In sports the sweet spot is that one special place on a baseball bat, golf club or tennis racket that drives the ball farther or faster with less effort than when it is hit any where else. In the marketing world there are campaign sweet spots too. And when your campaign idea strikes resonant emotional chords with your target consumer’s internal sweet spot then outsized profit and market share gains occur.
So how do you improve your chances of finding consumer sweet spots for your brand? Here are three ways.
1. Remember what it’s like to be a consumer. Everything you purchase is for personal reasons. Sometimes the reasons are simple and logical sometimes they are complex and more emotional. You don’t ever buy anything that doesn’t fill some kind of human need. Neither does anyone else.
Very few things that are truly revealing about people have anything to do with demographics or statistics. Most statistical techniques for describing consumers are so oversimplified and shallow that your chances of finding motivational insights are very slight. Statistics by themselves simply don’t encompass the whole picture.
When the Marlborough Man was first introduced in an ad campaign the traditional research used that tested the concept came back negative. This research advised brand management to ditch the cowboy because most Americans are not cowboys therefore they can’t relate to cowboys as an everyday part of their lives. Traditional research had the facts on consumer life but it had failed to uncover people’s fantasies and feelings. The brand manager felt the research was wrong and ran the advertising anyway. The Marlborough campaign ended up hitting a sweet spot with consumers. To many the cowboy represents that part in each of us that yearns for freedom, independence & open spaces and for a horizon to live out our dreams.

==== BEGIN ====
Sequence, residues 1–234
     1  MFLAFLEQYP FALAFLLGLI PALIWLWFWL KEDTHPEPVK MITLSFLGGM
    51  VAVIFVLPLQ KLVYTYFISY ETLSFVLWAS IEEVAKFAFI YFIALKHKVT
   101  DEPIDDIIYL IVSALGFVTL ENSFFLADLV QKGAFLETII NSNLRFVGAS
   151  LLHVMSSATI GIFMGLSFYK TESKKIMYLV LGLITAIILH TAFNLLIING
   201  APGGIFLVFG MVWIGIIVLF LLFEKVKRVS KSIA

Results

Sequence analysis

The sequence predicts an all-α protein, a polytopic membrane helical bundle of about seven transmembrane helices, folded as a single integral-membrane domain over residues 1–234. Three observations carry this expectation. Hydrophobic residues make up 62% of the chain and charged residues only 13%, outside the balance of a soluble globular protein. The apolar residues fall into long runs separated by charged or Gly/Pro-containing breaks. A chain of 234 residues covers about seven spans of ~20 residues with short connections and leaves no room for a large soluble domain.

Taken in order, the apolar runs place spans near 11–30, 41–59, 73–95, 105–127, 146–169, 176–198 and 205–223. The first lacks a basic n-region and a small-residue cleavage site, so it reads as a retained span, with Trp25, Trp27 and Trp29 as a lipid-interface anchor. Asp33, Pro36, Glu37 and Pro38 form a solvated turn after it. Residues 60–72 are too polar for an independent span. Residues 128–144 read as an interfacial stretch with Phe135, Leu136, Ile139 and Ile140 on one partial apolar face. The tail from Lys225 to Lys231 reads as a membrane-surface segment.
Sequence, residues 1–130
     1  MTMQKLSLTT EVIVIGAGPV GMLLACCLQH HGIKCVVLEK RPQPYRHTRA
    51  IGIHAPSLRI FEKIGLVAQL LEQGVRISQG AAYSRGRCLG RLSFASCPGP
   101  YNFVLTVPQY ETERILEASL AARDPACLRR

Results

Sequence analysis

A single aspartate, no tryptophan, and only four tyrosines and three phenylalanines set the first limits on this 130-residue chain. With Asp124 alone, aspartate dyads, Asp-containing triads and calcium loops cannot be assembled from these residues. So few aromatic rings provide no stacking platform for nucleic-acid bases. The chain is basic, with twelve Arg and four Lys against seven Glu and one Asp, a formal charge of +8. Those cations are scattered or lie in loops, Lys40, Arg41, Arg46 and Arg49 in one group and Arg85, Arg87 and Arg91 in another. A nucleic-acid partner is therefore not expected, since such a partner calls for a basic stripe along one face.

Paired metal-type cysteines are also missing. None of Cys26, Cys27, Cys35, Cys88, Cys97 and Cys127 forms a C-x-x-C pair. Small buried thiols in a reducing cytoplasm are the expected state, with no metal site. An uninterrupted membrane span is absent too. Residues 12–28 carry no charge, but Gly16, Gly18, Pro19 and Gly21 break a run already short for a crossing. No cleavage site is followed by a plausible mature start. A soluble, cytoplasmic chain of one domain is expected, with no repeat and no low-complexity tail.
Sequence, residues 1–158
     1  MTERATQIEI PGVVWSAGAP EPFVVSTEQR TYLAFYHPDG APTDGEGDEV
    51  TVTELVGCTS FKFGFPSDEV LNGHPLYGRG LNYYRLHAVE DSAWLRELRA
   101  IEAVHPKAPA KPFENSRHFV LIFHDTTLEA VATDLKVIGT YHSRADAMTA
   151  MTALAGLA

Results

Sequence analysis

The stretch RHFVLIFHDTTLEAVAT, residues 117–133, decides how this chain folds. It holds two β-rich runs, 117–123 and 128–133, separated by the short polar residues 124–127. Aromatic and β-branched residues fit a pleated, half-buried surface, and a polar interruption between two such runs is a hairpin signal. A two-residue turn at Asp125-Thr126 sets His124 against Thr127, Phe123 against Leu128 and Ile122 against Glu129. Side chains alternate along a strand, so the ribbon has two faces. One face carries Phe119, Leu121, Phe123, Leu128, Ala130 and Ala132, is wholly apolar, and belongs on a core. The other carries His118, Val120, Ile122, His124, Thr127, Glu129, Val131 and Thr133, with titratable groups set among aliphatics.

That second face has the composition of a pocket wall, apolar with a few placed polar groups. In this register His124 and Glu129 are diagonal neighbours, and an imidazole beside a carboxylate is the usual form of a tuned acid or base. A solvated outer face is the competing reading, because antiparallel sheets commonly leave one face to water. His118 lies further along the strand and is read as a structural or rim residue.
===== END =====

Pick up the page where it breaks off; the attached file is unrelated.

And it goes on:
This story is an important one because it shows that the sweet spot isn’t always visible to the naked eye or detectable by conventional research tools. Sometimes the most powerful insights can be well hidden from conventional research techniques.
No matter what your job is in marketing, advertising, or product design, a true insight into your consumers will help you do your job better. Great marketing is more than merely telling people about a great new product, it means presenting your offering in a way that is relevant and resonant.
2. Remember that people look at what interests them – sometimes it’s an ad.
How would you define breakthrough advertising? There’s a problem with the noise level of advertising today. There’s a lot of clutter. The average person is exposed to thousands of marketing messages a day. Consequently, ad people worry about their ads breaking through the clutter and getting noticed. It’s an error however to assume that getting someone’s attention is under your control. Just because ads are made faster, brighter, louder, more outrageous, more intrusive doesn’t mean it will make people pay attention. Usually the reverse is true. People make an effort to tune out to aggressive and intrusive advertising. They don’t like to be communicated to this way.